It would make sense for these various organizations to have the same test, with the same factors. However, while ideal, the reality is each of these organizations have a different method of testing the classification of a worker as an employee or independent contractor. This makes it confusing and difficult to correctly classify a worker.
There is a commonality through the various factors. Specifically, there is a question of the amount of control the employer has over the employee.
Keep in mind the measure of control is based on the factors in the governing bodies test. The IRS has something like 20 factors. Some of these factors are the same as the Department of Labor test, though other demands exist there as well. Different sources will indicate different factors are weighted more or less heavily depending on the circumstances.
Still, the key is control. If an employer has the ability to control how a job is completed, this may suggest the worker is more of an employee. If the employer just is asking for results and does not deal with the “how” of completing the job, the worker may be more of an independent contractor.
This may seem like a lot of avoidance of identifying an employee versus an independent contractor. There is a reason for this. There are some situations where the difference between the two is clear. A person in uniform, at the counter, running the cash register for a business is most likely an employee. A lot of control over their actions and method of work is exerted by the employer. On the other hand, a service provider, such as a photographer is more likely to be an independent contractor. They arrive on a location requested by the client and then act to take the pictures wanted with the photographer’s equipment using the photographer’s decision making ability.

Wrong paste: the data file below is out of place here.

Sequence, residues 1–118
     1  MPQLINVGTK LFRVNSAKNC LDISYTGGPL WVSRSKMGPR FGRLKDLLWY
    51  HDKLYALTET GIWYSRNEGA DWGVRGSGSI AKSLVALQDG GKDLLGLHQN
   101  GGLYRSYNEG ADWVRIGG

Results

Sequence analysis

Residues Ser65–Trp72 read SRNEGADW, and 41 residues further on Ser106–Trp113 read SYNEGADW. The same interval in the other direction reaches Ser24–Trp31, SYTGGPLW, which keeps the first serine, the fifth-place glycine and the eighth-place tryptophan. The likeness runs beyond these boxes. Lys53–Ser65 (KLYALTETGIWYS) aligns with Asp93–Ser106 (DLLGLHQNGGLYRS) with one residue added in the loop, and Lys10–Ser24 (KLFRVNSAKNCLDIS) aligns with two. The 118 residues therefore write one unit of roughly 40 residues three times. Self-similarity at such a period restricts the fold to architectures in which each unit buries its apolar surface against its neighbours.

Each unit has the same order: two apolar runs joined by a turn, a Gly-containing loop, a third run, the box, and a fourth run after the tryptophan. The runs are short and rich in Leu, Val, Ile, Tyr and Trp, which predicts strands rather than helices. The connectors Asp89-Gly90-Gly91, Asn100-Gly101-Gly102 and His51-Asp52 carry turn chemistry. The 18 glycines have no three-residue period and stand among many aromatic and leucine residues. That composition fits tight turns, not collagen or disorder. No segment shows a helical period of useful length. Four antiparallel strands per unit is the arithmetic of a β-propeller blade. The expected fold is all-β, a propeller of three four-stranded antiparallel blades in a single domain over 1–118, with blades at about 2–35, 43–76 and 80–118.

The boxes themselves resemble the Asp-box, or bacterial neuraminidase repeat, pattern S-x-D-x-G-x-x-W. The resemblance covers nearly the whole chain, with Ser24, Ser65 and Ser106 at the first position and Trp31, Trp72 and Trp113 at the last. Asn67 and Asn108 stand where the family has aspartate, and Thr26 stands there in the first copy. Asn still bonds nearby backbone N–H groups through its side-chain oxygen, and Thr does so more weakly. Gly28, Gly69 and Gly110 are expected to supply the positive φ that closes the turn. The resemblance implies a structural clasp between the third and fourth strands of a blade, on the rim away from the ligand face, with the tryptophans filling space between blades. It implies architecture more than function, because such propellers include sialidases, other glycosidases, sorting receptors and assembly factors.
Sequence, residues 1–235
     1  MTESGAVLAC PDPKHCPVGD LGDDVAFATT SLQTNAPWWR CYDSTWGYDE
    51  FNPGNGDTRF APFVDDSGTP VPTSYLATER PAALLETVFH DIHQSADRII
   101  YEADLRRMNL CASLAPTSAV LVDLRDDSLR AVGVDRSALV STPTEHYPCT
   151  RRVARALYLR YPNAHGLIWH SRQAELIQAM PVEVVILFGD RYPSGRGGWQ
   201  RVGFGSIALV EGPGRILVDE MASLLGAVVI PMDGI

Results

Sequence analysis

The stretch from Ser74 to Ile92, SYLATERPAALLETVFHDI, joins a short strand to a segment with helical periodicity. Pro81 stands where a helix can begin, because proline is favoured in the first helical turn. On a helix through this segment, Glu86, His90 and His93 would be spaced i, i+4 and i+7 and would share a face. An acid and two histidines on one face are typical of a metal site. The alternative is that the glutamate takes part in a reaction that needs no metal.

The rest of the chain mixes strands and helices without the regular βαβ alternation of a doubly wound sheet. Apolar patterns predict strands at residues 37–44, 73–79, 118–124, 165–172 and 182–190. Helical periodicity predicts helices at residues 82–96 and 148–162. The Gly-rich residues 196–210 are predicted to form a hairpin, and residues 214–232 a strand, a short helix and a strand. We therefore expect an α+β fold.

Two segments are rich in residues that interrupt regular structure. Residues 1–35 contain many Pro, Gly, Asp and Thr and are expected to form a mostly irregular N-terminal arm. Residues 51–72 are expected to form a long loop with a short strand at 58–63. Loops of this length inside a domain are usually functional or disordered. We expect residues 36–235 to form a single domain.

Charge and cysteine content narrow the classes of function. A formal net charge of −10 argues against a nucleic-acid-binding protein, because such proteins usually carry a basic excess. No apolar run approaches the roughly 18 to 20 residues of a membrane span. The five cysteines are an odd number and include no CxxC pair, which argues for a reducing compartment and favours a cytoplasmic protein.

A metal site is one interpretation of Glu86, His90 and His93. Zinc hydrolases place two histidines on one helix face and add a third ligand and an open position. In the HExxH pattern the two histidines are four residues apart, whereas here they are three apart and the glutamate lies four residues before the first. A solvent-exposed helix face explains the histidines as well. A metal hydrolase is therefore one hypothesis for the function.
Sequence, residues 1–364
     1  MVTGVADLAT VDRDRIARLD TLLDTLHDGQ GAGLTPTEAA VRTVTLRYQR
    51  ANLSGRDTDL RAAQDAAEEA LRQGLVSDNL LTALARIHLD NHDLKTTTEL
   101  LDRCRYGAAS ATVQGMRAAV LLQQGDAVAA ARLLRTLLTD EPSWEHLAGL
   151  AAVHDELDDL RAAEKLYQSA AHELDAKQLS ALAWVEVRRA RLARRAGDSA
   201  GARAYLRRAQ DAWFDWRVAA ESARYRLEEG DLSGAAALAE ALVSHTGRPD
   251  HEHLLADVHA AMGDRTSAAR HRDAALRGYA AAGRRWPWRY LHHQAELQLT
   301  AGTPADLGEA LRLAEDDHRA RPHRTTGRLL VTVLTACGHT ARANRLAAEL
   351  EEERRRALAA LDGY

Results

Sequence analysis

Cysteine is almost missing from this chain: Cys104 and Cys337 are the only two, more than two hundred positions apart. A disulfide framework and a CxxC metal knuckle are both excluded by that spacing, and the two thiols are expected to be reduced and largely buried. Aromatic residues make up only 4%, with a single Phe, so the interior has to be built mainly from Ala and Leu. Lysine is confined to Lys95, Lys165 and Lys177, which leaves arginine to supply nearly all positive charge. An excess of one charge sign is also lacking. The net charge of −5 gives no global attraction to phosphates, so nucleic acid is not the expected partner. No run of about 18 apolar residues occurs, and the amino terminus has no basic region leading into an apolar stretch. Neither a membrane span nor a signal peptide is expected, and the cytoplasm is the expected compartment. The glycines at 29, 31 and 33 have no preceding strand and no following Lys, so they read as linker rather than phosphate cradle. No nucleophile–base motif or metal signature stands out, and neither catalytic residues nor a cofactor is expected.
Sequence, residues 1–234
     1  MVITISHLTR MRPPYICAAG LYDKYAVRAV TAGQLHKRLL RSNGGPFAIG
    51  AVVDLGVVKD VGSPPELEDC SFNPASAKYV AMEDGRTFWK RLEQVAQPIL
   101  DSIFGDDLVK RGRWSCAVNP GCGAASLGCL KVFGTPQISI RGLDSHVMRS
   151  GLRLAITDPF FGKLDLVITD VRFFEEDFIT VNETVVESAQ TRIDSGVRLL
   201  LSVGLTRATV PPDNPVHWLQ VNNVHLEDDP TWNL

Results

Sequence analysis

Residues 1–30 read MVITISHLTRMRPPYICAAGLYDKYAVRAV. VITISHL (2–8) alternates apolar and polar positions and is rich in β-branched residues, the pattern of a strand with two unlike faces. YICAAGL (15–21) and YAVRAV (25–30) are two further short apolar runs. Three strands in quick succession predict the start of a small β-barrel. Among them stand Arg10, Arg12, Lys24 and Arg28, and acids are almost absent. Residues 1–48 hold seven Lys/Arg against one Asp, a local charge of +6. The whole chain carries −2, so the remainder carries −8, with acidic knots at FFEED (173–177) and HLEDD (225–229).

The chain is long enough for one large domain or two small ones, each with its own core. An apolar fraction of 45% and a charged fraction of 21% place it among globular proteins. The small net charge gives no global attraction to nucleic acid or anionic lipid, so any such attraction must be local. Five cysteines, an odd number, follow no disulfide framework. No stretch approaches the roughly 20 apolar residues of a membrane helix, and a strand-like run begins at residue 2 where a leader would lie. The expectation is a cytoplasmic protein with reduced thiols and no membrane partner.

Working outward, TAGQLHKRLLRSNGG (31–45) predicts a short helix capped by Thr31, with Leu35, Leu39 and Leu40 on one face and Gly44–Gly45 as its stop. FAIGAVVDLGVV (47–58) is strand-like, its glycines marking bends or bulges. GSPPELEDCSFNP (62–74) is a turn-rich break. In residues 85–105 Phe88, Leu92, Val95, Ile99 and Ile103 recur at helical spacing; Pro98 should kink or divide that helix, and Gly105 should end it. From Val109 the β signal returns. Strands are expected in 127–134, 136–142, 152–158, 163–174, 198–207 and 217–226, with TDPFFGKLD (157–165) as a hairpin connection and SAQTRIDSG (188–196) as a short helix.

There is no industry based standard. Consider even just these two industries. What happens when a photographer is hired by a photography studio? Are they an employee of the studio or are they still an independent contractor? How about a temporary employee working at the counter, are they an employee of the retail store or are they an independent contractor?
The facts matter and the determination of if a person is an employee or an independent contractor is a difficult question. This classification is one with significant consequences to an employer. Caution is definitely advised on identifying if a person is an employee or an independent contractor.